There are two bushwalks in this area at 5km and 9km. The former includes a few hills as well as some rock clamouring and should take the average walker around two hours. The latter walk is double the time at four hours and both are graded Moderate to Hard.

  • The short walk. Walking through the rainforest valley past beautiful Bangalow Palms, Holmholtzia Lily and Strangler Figs you’ll arrive at the plunge pool of the spectacular 100m Minyon Falls. And, if the weather allows, you’ll even be even to go in for a dip yourself.
  • The Long walk. Enjoy not one but two incredible waterfalls when you take the Brush Box rainforest trail. As well as encountering the Minyon Falls plunge pool you’ll also take in the sight of Quandong Falls. To get there walk uphill from Minyon Falls and turn left at Quirks Firetrail. Incidentally, Quandong gets its name from the blue Quandong tree which is in abundance in the area. You’ll find pools near the top to help cool you down after all that exertion.
  • Nightcap Night Vision Walk. Wear night vision goggles to watch nature’s nocturnal wildlife in the bush on a specially organised Nightcap Park guided walk. Bandicoot, frogs and Possum and well as occasional koala’s can be spotted in semi-moonlit nights while the walk itself can take anything up to 3.5 hours.

Boatharbour Nature Reserve

A lovely pavement walk to a viewing platform which sits at the junction of Wilson River and Coopers Creek. It’s possible to spot remnants of the old wharf (once used to load rainforest timber) from the look-out spot.

Protestor Falls

Still, on the subject of history (this time more recent), walk through the village of The Channon at Terania Creek to reach Protesters Falls. The Falls were named after a successful protest in 1979 which prevented logging in the area. There are signs through the rainforest to the walk, which is now a World Heritage site. Try and resist swimming in the water though it’s banned since the Falls are the habitat of the endangered Fleay’s barred frog.

Brunswick Heads Nature Reserve

Sitting at Brunswick Heads, off the Pacific Highway, this nature reserve is a mere 20 km northwards from our Byron Bay caravan park. It boasts beach and rainforest (as well as great river fishing) so makes some wonderful informal bush walking.

Mooball National Park

Another spot for informal bush walking, the Mooball National Park is one third subtropical rainforest. It sits 12 km south of Murwillumbah of the Pacific Highway and has a wonderful array of wildlife – many of which are endangered. These include the wonderfully-named long-nosed potoroo, the red-legged pademelon and the giant barred frog.

Tyagarah Nature Reserve

Just 10 km north of our Byron Bay caravan park on the Pacific Highway at Grays Lane, those who prefer a quiet, contemplative walk will love Tyagarah Nature Reserve. That’s because it offers eight kilometres of secluded and unspoilt beach with a coastal heath. Beloved by those who enjoy bird watching or fishing.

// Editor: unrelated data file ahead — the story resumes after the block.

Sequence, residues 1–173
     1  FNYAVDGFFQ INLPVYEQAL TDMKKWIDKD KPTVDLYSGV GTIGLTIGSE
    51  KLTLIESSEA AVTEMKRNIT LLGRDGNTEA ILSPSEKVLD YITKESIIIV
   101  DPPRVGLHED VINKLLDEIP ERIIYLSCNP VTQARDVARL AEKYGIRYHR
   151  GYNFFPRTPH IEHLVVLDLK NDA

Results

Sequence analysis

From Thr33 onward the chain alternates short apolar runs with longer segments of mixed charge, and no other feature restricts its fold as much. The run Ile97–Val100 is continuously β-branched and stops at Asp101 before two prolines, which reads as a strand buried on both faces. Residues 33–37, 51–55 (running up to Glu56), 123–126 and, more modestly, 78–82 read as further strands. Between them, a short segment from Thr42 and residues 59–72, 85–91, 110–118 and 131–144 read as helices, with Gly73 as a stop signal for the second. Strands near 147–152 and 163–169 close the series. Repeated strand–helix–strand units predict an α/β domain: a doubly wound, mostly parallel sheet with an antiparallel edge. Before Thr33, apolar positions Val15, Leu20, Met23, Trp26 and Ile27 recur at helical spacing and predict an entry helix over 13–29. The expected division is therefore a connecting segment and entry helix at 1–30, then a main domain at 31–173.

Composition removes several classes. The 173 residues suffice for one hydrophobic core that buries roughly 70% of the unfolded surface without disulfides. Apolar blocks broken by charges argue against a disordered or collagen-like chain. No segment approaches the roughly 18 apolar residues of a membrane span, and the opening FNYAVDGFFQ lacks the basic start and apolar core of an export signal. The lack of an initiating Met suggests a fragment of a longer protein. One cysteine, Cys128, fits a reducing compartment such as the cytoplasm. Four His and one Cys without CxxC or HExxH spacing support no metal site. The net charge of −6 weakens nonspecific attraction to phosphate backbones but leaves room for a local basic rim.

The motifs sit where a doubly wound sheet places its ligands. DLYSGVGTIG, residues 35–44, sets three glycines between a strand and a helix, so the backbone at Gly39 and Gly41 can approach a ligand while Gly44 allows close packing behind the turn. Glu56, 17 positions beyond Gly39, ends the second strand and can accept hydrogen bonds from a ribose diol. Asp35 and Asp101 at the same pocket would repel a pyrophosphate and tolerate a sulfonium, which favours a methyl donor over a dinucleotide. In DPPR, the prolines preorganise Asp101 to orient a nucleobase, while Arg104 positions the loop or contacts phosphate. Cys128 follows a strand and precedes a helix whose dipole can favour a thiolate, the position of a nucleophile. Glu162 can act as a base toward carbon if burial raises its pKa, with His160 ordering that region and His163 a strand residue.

Byron Bay koala

Mount Jerusalem National Park

An area of some 5,168 hectares this park sits around 32 kilometres south-west of Murwillumbah and nearby to Nightcap National Park. There are various habitats on show such as subtropical rainforest and sclerophyll forest (both wet and dry).

What to wear on a bush walk from our Byron Bay caravan park

  • Shoes (rather than thongs and sandals)
  • Raincoat
  • Sunscreen and hat
  • Long trousers (and even gaiters) to protect your legs and to keep insects at bay
  • The same for your top half i.e. a long sleeved t-shirt.

What to bring with you when bush walking around Bryon Bay

  • Food (in the form of quick-energy snacks such as dried fruit and energy bars.
  • Water or isotonic drinks.
  • Plasters (for blisters)

Important tips for Byron Bay bush walking

  • Never do it alone. Go with a friend who can go for help if eg you fall and twist and ankle, or get lost
  • Only pick up flora and fauna which you’ve seen before and know of its poison potential
  • It’s a good idea to pop in to the local ranger station prior to heading off on your bush walks. Someone there will be able to tell you of any areas to avoid and what kind of wildlife you should be on the look out for in terms of photo opportunities. They’ll also let you know about the fitness required for the various trails in their reserve.
  • Stick to the marked trails. Venturing off-route can be risky. That’s because you’re more likely to encounter snakes and other critters when you leave the path. Large leaves make great shelters for snakes and it’d be easy not to notice one.
  • Tell people at your Byron Bay caravan park where you’re going before you leave so that if anything happens and you don’t return by an expected time, they can go ahead and raise the alarm.


National Parks near our Byron Bay caravan park (with great bushwalking)

  • Border Ranges National Park
  • Broken Head Nature Reserve
  • Bundjalung National Park
  • Mebbin National Park
  • Nightcap National Park
  • Victoria Park Nature Reserve
  • WhianWhian State Conservation Area
  • Wollumbin National Park

We feel truly blessed at our Byron Bay caravan park to have so many places to enjoy bush walking. So if you and your family are looking for things to do in Byron Bay Australia, check out our low season specials and get in quick for the school holidays. Our cheap accommodation in Byron Bay is an ideal place to relax and reconnect with nature.